Prior to the 1990s and surely by 2000, school was a delivery system. Teachers who had mastered a discipline presented that discipline to their students in a variety of manners and that constituted a body of knowledge called a curriculum. If you mastered it, you received a good grade and were promoted accordingly. But if you did not you were sorted accordingly. But by 2001, the focus shifted to the school and its practitioners. It was no longer “The teacher presented the information and it was your responsibility as a student to acquire it.” It shifted to “if the student did not acquire the requisite information, it was the responsibility of the teacher to present it in a different way until the student did acquire the information.” Then it evolved into NO CHILD LEFT BEHIND. Was this a good evolution? In some respects, yes. It forced the education professionals to adjust the focus of the teaching-learning process to the learner. It made good professionals search for better and differentiated strategies to reach the learner. It accentuated the profession’s skill of teaching. But, in other respects, no. It devalued the trades and skilled factory jobs that would allow many young people viable and interesting lives. It overvalued the professions and made it an either/or situation. The service occupations have grown in this nation and the need for skilled workers in the factories and trades are still necessary and in demand. People with a high school diploma earn, it is estimated, about $600,000 more in their lifetime than those who are high school dropouts. Currently, the economy is hampered by 2% more unemployment because of young people without high school diplomas who are unemployable. Maybe we have over accentuated the value of a traditional education, K-16, at the price of a nation of producers.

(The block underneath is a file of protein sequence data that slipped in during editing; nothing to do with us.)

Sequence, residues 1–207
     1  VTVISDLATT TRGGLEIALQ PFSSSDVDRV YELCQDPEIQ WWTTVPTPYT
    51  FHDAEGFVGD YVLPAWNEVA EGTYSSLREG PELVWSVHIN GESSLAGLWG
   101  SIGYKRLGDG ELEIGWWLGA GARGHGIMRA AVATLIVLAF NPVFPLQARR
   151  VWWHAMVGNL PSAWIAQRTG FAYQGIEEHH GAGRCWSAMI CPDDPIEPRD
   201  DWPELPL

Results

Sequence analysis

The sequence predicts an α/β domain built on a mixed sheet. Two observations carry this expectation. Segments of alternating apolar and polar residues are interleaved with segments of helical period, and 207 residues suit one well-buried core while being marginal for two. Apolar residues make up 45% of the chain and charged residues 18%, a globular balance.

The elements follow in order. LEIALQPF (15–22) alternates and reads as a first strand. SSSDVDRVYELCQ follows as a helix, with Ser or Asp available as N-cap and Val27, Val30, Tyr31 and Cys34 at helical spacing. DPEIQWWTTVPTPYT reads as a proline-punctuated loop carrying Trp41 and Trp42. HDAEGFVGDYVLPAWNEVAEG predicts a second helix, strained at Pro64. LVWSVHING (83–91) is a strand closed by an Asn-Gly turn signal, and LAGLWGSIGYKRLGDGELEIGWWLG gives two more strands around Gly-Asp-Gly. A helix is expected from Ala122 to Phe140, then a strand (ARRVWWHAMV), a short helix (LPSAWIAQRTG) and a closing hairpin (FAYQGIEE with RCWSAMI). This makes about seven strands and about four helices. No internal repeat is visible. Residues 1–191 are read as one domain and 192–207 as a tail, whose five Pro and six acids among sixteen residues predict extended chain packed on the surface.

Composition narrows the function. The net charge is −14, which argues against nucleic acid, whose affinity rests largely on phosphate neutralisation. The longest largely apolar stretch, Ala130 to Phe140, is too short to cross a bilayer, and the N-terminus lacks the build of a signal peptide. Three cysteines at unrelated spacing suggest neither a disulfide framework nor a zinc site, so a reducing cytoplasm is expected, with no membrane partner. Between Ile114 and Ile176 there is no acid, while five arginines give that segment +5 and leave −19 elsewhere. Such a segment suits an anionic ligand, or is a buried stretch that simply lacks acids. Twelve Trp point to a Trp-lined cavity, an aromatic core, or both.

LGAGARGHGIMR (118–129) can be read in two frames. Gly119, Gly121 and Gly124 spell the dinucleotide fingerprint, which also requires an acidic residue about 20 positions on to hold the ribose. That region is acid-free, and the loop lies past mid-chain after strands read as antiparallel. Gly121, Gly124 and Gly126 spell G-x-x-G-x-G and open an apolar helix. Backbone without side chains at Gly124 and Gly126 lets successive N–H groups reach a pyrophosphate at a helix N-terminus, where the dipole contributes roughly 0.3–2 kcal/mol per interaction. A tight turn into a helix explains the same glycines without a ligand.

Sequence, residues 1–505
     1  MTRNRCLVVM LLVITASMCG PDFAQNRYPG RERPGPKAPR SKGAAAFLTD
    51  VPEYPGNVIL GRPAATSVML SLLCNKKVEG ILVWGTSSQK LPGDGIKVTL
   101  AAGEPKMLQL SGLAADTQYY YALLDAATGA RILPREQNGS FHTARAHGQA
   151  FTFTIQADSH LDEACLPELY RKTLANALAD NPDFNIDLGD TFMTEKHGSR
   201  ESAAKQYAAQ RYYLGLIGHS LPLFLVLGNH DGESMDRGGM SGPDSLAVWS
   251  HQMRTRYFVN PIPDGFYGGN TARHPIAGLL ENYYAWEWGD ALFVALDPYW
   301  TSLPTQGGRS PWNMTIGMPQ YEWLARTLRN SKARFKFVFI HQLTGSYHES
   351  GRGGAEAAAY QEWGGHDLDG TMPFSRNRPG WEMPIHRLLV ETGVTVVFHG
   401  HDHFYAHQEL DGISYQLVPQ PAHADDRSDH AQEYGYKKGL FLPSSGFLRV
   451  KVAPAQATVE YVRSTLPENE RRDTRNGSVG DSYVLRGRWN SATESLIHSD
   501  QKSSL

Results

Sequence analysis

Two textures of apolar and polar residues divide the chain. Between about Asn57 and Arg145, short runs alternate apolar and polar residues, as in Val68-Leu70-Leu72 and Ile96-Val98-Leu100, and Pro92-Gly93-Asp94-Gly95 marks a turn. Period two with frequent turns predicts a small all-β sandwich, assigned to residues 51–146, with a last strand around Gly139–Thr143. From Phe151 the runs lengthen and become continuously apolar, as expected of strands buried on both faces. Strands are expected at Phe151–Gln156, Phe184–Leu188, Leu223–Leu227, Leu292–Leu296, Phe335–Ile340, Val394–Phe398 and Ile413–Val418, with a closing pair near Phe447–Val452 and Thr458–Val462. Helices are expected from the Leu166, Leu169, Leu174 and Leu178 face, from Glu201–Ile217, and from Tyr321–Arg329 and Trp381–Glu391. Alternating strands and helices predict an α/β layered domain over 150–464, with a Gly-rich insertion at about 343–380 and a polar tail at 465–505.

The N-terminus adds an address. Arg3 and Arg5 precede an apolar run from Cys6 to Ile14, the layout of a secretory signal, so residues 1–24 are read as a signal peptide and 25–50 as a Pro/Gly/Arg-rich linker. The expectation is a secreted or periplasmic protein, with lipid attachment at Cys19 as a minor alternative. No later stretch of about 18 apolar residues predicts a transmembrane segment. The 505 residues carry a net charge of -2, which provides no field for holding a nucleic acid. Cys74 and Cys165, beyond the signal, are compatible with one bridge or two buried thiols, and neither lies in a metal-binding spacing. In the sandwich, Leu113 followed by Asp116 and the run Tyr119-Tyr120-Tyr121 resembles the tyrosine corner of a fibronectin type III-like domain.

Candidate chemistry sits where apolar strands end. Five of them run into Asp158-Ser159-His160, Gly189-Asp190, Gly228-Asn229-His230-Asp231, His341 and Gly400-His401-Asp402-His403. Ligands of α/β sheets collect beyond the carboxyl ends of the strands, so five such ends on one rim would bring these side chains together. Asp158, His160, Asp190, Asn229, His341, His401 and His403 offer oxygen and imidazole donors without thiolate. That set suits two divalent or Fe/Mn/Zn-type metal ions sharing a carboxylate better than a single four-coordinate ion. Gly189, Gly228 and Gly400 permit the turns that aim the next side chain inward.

And there is a byproduct to all of this. In the 1970s and 1980s, students and teachers did not have the pressure of the state tests. Testing definitively changed the landscape for students and teachers because now students were burdened with consistent testing and schools (aka their administrators and teachers) were held accountable to the numbers that resulted. Students became needier, less self-directed, and more competitive. And perhaps because of the more single parent homes or both parents working, self-esteem entered into the picture. Some of this can be attributed to parental guilt because as they spent less time with their children, they needed another arena where they could exhibit their love. In battling teachers, coaches, and mentors for aggrandizement of their child, they put further pressure on the schools. Many schools and teachers have chosen to succumb to parental demands at the price of excellence, expectation, and performance.
Despite the great social-economic-emotional changes over the last 40+ years, there is still universality. Schools and our students are the bedrock of our society. They are young and developing people filled with potential and talent. They need the support of caring, mature and literate adults to help them find their way. All people want to see themselves as worthwhile. Young people in particular need to find their worth, be individually recognized by their name, and honestly feel that they can accomplish good things in their lives. In this respect nothing has changed. We are in the business of developing human capital.